square such that only the diagonals are empty and each of these STS
have the property that the each row and column is a (v1)/6  partial
parallel class. It may even be possible that every symbol appears 3
times in all but one row and column (in which it does not appear at
all); and that if the triples are ordered, the square can be
decomposed into 3 mutually orthogonal latin squares of side v.
We will show that such a square exists for all v = 1 mod 6 with at
most 10 exceptions. On graph labelings and graph decompositions Graph labelings were first introduced by Alex Rosa (around 1967) as means
of attacking the problem of cyclically decomposing the complete graph into
other graphs. Since Rosa's original article, literally hundreds of papers
have been written on graph labelings (mostly on betalabelings, also known
as graceful labelings). Unfortunately however, most of these papers bare
little relation to Rosa's original intent (investigating cyclic
decompositions). In this talk we will review some of the various graph labelings with a
focus on their decomposition applications. The talk is accessible to both
students and teachers of highschool level mathematics.
Fractional Domatic Numbers and Asymptotic Knight Density A "Knight" in Chess attacks two squares horizontally or vertically, and then
one square perpendicular. A set of Knights "cover" a board if a Knight attacks
every empty square. What is the minimum number of Knights needed to cover an
nxn board? This is the domination number of the nxn Knight graph: nodes (i,j)
for all i,j=1,2,...,n and edges between node (i,j) and (k,l) if ikjl=2.
A Knight covers at most 9 squares. So at least n^2/9 Knights are needed to
cover an nxn board. However, the sparsest known Knight covers have density 1/8.
What is the asymptotic density? Look at Fractional Domatic Number (FDN): a
maximum fractional packing of a graph with dominations. We show the asymptotic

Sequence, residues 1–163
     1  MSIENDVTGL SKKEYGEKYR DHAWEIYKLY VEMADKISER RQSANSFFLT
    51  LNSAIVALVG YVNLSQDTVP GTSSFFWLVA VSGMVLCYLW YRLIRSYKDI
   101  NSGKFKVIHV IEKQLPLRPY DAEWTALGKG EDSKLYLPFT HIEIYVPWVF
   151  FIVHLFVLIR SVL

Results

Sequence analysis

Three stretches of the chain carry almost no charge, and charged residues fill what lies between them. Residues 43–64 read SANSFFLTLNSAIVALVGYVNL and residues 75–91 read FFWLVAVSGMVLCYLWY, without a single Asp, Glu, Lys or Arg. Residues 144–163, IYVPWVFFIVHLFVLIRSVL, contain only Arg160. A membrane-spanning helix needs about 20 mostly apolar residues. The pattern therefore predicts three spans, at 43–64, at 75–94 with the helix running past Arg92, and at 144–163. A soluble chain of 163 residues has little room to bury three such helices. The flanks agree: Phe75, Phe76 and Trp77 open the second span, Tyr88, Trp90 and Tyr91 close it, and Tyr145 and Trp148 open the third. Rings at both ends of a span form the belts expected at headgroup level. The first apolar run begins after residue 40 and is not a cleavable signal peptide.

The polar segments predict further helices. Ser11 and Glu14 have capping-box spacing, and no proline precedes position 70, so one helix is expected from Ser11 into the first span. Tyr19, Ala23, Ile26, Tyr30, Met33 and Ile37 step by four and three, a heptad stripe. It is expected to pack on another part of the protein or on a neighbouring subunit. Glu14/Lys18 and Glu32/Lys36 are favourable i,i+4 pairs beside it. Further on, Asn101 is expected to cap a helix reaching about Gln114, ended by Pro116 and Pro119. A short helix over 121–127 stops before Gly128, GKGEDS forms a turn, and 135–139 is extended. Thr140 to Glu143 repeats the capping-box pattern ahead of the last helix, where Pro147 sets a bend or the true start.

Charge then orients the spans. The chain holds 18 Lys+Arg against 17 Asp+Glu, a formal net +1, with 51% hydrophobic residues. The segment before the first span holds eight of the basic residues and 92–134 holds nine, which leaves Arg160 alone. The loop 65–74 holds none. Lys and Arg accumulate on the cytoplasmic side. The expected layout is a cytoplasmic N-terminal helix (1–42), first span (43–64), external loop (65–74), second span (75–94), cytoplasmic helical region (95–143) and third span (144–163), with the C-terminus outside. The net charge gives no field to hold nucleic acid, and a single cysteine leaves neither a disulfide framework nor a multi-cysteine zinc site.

sparsest density is the inverse of the FDN of the infinite Knight graph.
A dual solution to the FDN problem is a set of weights on the nodes whose sum
in any domination is at least one. For example, consider these weights on the
Knight graph (with denominator of 40). Outside, the weights are 0.
2 3 4 4 3 2 2 6 6 7 7 6 6 2 3 6 8 10 10 8 6 3 4 7 10 10 10 10 7 4 4 7 10 10 10 10 7 4 3 6 8 10 10 8 6 3 2 6 6 7 7 6 6 2 2 3 4 4 3 2
Any set of Knights covering the middle 4x4 lie on squares whose weights sum to
at least 1. These weights add to 8.8. So the FDN of the infinite Knight graph
is at most 8.8, and the asymptotic density of a Knight cover is at least 1/8.8
improving the best known lower bound of 1/9.
These techniques show promise for many asymptotic problems on regular graphs. Cycle decompositions of the complete bipartite graph A bipartite graph is one whose vertex set can be partitioned into
two subsets X and Y, so that each edge has one end in X and
one in Y; such a partition (X,Y) is called a bipartition of the
graph. A complete bipartite graph is a simple bipartite graph with
bipartition (X, Y) in which each vertex of X is joined to each
vertex of Y. If X = m and Y = n, such a graph is denoted
by K_{m,n}. A 2fold complete bipartite graph 2K_{m,n} is a
bipartite graph with bipartition (X, Y) in which each vertex of